Wednesday, September 7, 2011

Policy Point Wednesday: Food Desert or Mirage?

As you may know, the impetus for starting this blog was to find out what foods might actually be IN a food desert, and what options people might have to prepare meals for themselves.  After creating over 50 recipes, and with plans for even more, I can conclude that it's possible to do better than a fast-food diet, even given the restrictions of a food desert (that is, if your food desert offers access to a drugstore or dollar store.)

That being said, I have no illusions that the recipes on this blog can even begin to address the problem of diet-related disease in places where food is hard to access.  "Just eat healthier" isn't that different from "just eat fresh" it's simply not possible for many Americans to do.  The Economist, in a - well, blatantly callous, if not classist - essay, points out that there is no evidence that access is the only problem in the food desert, and while I don't agree with much of what's written, I do agree that this problem is a significantly complex one, and access is a small piece of the puzzle.

Education is another issue.  Today, the New York Times wrote about reviving Home Economics classes; how this much-maligned program taught housework and cooking like any other scientific discipline.  While the article does not discuss the heavy gender bias of Home Ec classes of the past,  I believe that they are right.  We need to present nutrition, food preparation, basic household administration and care (including things like basic carpentry and electrical work as well as cleaning and cooking) as legitimate competencies to all students right along with reading, math and science.

A third issue is time: the expectations placed on many - if not most - Americans at their job (or jobs) are a huge deterrent to adopting a healthy lifestyle.  It is unreasonable to expect a parent to prepare food at all, much less healthy food, if they are working several jobs to make ends meet.  While we tend to think of poverty in this situation, the same goes for wealthier parents whose salaried positions place them "on-call" for much of the day - though at least parents with money have the option of hiring someone to do it for them.  Cooking takes planning, shopping, and preparation time: fast-food takes only the time to shop for it.  The answer is not to berate people for opting for fast-food, but to work towards just workplace policies.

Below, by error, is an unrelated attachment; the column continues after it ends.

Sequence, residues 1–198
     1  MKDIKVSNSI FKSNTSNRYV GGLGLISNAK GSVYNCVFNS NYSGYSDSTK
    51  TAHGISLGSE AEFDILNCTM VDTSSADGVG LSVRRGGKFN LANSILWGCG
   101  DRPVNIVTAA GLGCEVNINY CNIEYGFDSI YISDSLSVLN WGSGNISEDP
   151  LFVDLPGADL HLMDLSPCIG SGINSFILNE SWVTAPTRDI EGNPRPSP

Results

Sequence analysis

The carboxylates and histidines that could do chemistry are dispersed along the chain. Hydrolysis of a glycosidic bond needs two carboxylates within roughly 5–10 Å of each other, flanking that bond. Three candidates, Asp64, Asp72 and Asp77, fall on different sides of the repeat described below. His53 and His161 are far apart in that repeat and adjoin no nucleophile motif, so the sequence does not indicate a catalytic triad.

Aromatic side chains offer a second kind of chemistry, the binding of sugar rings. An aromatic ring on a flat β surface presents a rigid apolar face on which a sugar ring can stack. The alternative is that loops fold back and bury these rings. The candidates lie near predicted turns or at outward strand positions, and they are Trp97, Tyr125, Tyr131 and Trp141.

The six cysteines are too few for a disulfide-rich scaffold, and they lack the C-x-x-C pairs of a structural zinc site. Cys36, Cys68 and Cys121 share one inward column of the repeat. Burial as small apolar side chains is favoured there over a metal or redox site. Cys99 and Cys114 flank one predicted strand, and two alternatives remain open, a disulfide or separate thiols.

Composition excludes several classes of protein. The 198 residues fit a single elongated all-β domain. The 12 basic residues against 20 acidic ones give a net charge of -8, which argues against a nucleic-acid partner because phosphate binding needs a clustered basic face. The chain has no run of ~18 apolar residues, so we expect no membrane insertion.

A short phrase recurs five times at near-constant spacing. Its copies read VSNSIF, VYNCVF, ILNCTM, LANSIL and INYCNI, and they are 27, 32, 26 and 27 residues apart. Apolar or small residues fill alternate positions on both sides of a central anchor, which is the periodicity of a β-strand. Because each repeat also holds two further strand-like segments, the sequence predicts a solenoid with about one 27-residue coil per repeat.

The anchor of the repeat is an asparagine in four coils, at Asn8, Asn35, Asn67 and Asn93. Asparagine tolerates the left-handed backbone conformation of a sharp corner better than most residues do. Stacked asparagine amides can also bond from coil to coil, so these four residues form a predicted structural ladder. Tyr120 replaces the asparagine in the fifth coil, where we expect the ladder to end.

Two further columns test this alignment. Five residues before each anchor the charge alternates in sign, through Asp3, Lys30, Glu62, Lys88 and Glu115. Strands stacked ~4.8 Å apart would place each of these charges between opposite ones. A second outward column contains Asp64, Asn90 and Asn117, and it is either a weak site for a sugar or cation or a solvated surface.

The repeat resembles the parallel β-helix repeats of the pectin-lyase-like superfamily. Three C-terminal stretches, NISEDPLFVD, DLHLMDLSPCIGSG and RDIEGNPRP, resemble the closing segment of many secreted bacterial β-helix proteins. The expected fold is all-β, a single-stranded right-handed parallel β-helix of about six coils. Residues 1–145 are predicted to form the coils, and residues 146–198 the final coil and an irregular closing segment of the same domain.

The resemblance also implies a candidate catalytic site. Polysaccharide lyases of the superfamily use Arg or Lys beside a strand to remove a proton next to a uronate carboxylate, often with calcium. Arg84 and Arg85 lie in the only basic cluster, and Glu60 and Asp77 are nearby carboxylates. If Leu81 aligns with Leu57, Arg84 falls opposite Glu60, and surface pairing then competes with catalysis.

Finally, and I think most importantly, we've created a culture where short-term profits are critical.  Food companies don't survive unless they are profitable.  This in turn means their focus is on changing consumer behavior, rather that responding to it.  It means creating surpluses of cheap food and then convincing us to consume it.  It means using tax dollars to increase profits and to push producers to grow what's easy, rather than what's needed.  We need a food system that serves us, rather than the other way around.

No single reform is going to bring about the end of diet-related disease; this problem is complex and affects each American in a different way.  If we concentrate all our efforts on a single solution, I doubt that we will have much effect - but if we can make some progress on all four of these fronts, I think we have a better chance to improve our nation's health.

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